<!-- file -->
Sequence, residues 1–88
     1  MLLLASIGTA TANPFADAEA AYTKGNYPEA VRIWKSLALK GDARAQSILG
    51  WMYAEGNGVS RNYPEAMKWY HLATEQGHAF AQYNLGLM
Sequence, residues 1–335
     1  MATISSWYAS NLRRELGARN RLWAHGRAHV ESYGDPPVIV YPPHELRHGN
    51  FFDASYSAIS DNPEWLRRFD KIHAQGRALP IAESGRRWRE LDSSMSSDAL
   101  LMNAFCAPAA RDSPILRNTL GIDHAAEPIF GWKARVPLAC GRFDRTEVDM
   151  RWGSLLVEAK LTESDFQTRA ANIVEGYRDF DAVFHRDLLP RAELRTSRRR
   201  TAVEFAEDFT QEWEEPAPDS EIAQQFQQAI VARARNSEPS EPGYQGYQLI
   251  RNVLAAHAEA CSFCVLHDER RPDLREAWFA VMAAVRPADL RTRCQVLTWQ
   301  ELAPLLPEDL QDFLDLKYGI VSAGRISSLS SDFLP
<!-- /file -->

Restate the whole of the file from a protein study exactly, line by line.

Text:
Sequence, residues 1–88
     1  MLLLASIGTA TANPFADAEA AYTKGNYPEA VRIWKSLALK GDARAQSILG
    51  WMYAEGNGVS RNYPEAMKWY HLATEQGHAF AQYNLGLM
Sequence, residues 1–335
     1  MATISSWYAS NLRRELGARN RLWAHGRAHV ESYGDPPVIV YPPHELRHGN
    51  FFDASYSAIS DNPEWLRRFD KIHAQGRALP IAESGRRWRE LDSSMSSDAL
   101  LMNAFCAPAA RDSPILRNTL GIDHAAEPIF GWKARVPLAC GRFDRTEVDM
   151  RWGSLLVEAK LTESDFQTRA ANIVEGYRDF DAVFHRDLLP RAELRTSRRR
   201  TAVEFAEDFT QEWEEPAPDS EIAQQFQQAI VARARNSEPS EPGYQGYQLI
   251  RNVLAAHAEA CSFCVLHDER RPDLREAWFA VMAAVRPADL RTRCQVLTWQ
   301  ELAPLLPEDL QDFLDLKYGI VSAGRISSLS SDFLP